The windows first appeared in the autumn of 1987. I had recently graduated from college and we had moved across the country for K's new job. Quite lost and barely functioning, I found a therapist.
Early on she gave me an assignment to make a drawing of how I saw myself five years into the future. I brought back a rough crayoned self-portrait in a blue room with three windows across the back wall. (I had always wanted a blue room, but that’s another story…) The room was empty except for a table piled high with books and a cat underneath. My sketched self was sitting in a chair peeking out from behind the stacks with a tentative expression in a barely there face- dots for eyes and a line for a mouth, with a bit of a curve at each edge trying to look pleasant and acceptable. My hopes for the next five years were quite bleak.
A couple of years later, I was further down the path of healing. Once more she asked me to draw myself in the future. I drew the same blue room as before, but with a few changes. The table was gone. There were still heaps of books, only now they were stacked in comfy mounds on the floor around the edges of the room. The same trio of windows covered the back wall, this time framing a view of a big apple tree laden with rosy fruit. My figure stood front and center, smiling, bookended by our two cats, and K. leaning in the door with a wave and a grin.
Five years after the original drawing, we began the search for our first house. As we walked into each house, K. and our realtor would go on and on about the views, spaciousness, appliances, etc. Every time I would stop just inside the door and announce, “I can’t live here.” Often there wasn't a reason, just a feeling, but I knew it was true. They grew more and more exasperated, and the search went on.
One day the realtor called to say there was a new house going on the market near the school where I worked. “It’s not what you’re looking for. It’s a mess. But it’s close to your work, and in your price range. Let’s take a look.“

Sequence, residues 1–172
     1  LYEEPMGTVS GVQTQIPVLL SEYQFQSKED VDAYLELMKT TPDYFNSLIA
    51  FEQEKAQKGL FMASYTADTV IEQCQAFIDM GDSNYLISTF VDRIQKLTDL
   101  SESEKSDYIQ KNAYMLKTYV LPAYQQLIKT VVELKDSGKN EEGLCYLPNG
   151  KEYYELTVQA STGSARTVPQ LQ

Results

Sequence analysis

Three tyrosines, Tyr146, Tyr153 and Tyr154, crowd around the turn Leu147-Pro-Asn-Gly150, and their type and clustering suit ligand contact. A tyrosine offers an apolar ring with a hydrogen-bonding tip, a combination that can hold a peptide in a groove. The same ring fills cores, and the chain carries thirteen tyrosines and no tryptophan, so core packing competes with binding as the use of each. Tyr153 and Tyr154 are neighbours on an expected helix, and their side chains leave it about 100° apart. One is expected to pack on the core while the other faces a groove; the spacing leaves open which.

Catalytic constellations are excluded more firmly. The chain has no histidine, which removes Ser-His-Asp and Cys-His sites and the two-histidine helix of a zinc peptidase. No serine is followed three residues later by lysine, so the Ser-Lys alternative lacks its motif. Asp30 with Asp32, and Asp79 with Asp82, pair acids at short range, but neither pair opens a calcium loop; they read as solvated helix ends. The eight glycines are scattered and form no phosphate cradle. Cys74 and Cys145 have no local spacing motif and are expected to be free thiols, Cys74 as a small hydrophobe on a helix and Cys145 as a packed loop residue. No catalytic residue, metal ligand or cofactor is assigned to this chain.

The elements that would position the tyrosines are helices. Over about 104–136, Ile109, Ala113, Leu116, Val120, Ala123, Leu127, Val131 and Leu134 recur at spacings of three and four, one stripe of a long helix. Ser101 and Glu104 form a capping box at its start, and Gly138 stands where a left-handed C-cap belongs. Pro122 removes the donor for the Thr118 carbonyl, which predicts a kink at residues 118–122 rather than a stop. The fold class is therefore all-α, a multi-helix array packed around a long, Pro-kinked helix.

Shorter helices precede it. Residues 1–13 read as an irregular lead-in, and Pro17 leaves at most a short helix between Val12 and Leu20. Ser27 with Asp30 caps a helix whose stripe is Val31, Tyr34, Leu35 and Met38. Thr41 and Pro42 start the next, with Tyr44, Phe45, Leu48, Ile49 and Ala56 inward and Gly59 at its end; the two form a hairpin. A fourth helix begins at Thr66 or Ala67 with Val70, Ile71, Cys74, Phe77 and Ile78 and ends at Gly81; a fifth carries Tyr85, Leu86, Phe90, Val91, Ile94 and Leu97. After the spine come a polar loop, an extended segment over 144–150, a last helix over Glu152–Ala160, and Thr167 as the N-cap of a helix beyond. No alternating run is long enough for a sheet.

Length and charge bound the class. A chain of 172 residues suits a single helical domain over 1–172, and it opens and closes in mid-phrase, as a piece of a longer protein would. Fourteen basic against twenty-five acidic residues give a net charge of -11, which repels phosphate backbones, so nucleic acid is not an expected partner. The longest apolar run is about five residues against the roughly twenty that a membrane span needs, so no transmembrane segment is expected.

We met outside the house. We stood across the street staring at it. “It’s yellow,” I said, “an ugly yellow."
Even so, we went in.
It was a mess. The owner had died, and all of his belongings were scattered throughout the house in piles, as caretakers prepared for an estate sale. The house was covered in dust and dirt from the process. We stood there in the living room, K. and the realtor shaking their heads with disapproval, and I said, “I think this could be it.” It was just a feeling. The realtor was confused, K. was worried, but we continued through the house.
Upstairs there were two small bedrooms and a tiny attic room at the point of the house (it was painted Pepto-Bismol pink, and only the center of the room was it tall enough to stand upright in). There were no closets on the main floor, one small bathroom, and a dark narrow kitchen with splintering floorboards and a cracked countertop (broken, ugly, molding, and made of a substance that couldn’t be identified.)
There was one more space, a half of a room at the back of the house. Walking toward it, I could see the walls were an old dingy blue, but still, blue, with three windows across the back wall, framing a view of a tall old apple tree.
“This IS it,” I said, and knew it was true.
We've been here almost 26 years now. Blue was born in that little room. Moon came too fast and arrived just outside of it. We had it extended so it could be our bedroom. The contractor argued with me about keeping the windows, and painting it blue. "You'll want new, insulated windows," he said, "and blue is too cold for a bedroom."
"Blue." I said, "And we're keeping the windows."
When he and I stood in the finished sky blue room with the old windows set into the new wall, he said, "You were right."
I said, "I know."